5.1 Example: A Simple Spacecraft

Suppose we are traveling in our spacecraft towards the moon and we have just finished firing our engine to send us on our way. As we are “sailing” through space, we want to know how far away we are from Earth and we periodically take sightings of the stars in order to estimate our position.

Our “state” \(x_t\) is the radial distance of our spacecraft from Earth. Barring any acceleration, if the spacecraft’s position at time \(t-1\) is \(p_{t-1}\) and its velocity is \(v_{t-1}\), then Newton’s laws tell us that its position at time \(t\) is

\[ p_t = p_{t-1} + v_{t-1}\Delta t + w_t. \] where \(\Delta t\) is the time elapsed between time points \(w_t\) represents some noise or minor perturbation (e.g. \(w_t\sim\mathcal{N}(0,\tau^2)\). In some cases, we may assume \(w_t=0\). Thus, the state equation here embodies the idea that “a body in motion stays in motion”.

We can write this equation, slightly differently, using vectors and matrices as

\[ \left[ \begin{array}{c} p_t\\ v_t \end{array} \right] = \left[\begin{array}{cc} 1 & \Delta t \\ 0 & 1 \\ \end{array} \right] \left[ \begin{array}{c} p_{t-1}\\ v_{t-1}\\ \end{array} \right] + \left[\begin{array}{c} w_{1t}\\ w_{2t} \end{array} \right] \]

If there is in fact no acceleration, we know that the velocity will not be changing from time \(t-1\) to time \(t\) (except perhaps for some minor perturbation). If we let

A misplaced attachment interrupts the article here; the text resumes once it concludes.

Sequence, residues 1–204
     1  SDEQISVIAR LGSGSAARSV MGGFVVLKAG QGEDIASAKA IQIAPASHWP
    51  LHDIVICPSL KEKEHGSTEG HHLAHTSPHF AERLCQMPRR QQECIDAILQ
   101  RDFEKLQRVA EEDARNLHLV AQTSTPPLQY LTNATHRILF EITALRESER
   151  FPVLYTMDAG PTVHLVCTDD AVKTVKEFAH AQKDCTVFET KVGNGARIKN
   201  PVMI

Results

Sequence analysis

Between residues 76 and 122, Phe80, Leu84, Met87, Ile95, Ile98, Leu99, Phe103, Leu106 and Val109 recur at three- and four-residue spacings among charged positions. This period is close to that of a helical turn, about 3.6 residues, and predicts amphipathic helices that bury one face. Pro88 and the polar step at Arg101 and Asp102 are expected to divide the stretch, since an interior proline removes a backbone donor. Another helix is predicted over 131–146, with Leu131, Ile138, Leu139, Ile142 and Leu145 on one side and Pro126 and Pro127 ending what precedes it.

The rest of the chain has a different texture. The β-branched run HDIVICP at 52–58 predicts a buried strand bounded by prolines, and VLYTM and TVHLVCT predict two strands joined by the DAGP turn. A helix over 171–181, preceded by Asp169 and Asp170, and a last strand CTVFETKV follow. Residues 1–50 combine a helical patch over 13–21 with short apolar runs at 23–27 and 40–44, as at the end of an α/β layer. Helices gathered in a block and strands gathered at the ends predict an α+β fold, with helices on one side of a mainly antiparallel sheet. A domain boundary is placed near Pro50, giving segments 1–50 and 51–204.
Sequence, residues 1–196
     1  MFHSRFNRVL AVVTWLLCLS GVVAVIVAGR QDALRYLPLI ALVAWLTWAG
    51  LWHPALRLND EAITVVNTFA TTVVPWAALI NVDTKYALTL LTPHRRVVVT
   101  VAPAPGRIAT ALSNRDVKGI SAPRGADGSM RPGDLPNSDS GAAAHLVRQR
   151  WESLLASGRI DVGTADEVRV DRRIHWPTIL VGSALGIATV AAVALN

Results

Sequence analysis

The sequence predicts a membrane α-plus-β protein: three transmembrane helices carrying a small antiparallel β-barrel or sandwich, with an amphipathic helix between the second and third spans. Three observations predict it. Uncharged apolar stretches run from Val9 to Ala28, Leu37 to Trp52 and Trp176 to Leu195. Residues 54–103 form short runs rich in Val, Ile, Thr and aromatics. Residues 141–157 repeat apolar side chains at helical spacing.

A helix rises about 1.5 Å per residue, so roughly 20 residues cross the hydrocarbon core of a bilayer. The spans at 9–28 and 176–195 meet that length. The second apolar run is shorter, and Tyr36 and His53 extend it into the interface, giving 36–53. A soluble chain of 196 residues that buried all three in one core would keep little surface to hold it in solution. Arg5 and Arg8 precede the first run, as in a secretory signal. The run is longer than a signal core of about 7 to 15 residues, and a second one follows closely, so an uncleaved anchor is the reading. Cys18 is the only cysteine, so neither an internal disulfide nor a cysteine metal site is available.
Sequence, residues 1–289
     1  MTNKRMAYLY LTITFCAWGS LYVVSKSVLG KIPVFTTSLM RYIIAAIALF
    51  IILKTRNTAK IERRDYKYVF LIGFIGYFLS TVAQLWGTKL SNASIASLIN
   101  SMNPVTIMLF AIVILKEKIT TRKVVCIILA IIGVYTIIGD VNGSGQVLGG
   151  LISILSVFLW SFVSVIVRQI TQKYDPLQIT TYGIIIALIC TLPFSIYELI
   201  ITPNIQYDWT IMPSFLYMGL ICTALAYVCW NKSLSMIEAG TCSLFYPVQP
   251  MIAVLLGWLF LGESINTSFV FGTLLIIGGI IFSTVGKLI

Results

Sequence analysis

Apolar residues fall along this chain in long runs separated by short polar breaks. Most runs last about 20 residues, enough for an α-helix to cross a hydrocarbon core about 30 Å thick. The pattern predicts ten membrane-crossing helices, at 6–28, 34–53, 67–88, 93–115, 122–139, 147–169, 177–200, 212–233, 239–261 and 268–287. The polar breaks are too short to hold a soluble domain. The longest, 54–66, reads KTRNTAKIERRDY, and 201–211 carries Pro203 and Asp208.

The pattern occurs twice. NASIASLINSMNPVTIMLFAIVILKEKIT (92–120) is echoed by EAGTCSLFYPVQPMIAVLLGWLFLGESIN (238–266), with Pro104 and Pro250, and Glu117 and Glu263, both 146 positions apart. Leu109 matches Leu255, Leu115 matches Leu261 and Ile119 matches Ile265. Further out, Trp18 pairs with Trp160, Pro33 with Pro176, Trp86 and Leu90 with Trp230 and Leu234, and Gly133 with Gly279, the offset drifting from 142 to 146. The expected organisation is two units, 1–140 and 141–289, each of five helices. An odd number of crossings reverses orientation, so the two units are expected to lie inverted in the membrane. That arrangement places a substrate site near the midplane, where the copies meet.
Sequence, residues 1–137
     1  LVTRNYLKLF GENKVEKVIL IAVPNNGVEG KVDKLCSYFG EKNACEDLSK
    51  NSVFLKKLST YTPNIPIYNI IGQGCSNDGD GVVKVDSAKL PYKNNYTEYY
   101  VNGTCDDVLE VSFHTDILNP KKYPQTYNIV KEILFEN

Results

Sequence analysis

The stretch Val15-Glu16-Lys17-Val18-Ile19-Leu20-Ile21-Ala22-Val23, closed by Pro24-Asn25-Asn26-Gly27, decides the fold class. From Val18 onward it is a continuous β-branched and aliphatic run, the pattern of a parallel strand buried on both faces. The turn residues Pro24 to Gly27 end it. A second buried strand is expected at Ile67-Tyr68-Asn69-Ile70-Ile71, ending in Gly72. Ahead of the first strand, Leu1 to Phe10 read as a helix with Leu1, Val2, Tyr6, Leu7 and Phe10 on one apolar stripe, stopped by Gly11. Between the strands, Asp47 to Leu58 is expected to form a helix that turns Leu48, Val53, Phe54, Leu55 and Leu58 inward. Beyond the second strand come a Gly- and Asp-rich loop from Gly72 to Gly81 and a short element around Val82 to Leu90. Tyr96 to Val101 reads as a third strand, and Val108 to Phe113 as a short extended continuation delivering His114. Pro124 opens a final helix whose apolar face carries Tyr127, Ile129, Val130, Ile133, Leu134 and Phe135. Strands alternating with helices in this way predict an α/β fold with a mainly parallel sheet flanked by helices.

\[\begin{eqnarray*} x_t & = & \left[ \begin{array}{c} p_t\\ v_t \end{array} \right]\\ \Theta & = & \left[\begin{array}{cc} 1 & \Delta t\\ 0 & 1 \end{array} \right]\\ w_t & = & \left[\begin{array}{c} w_{1t}\\ w_{2t} \end{array} \right] \end{eqnarray*}\]

then our state equation is simply

\[ x_t = \Theta x_{t-1} + w_t. \]

At this point we have not discussed data, but without any observations of the system, we would have to assume that the system evolves according to the state equation. Therefore, if we knew the initial state \(x_0\), our best guess for the subsequent states would be

\[ x_1 = \Theta x_0, x_2 = \Theta x_1, \dots \]

and so on. These are not so much “estimates” (because there are no data), but rather predictions of what the next state should be based on our knowledge of the underlying dynamics of the system.

The question then is what should we do if we observe data \(y_t\) at time \(t\)? And what exactly do we expect to observe at time \(t\)? A secondary question might be how often do we need to take measurements in order to have a good estimate of our state?

Now suppose we occasionally observe our position via measurements taken on board the spacecraft and at time \(t\) we observe our position \(y_t\), which is

\[ y_t = p_t + v_t, \]

so \(y_t\) is a noisy measurement of our true position (i.e. \(v_t\sim\mathcal{N}(0,\sigma^2)\). We can similarly write this in full form using our state vector as

\[ y_t = \left[\begin{array}{cc} 1 & 0 \end{array} \right] x_t + v_t \] If we let

\[ A= \left[\begin{array}{cc} 1 & 0 \end{array} \right] \]

then we have \(y_t = Ax_t + v_t\), our observation equation. How does our knowledge of \(x_t\) change once we observe \(y_t\)? The answer is given by the Kalman filter.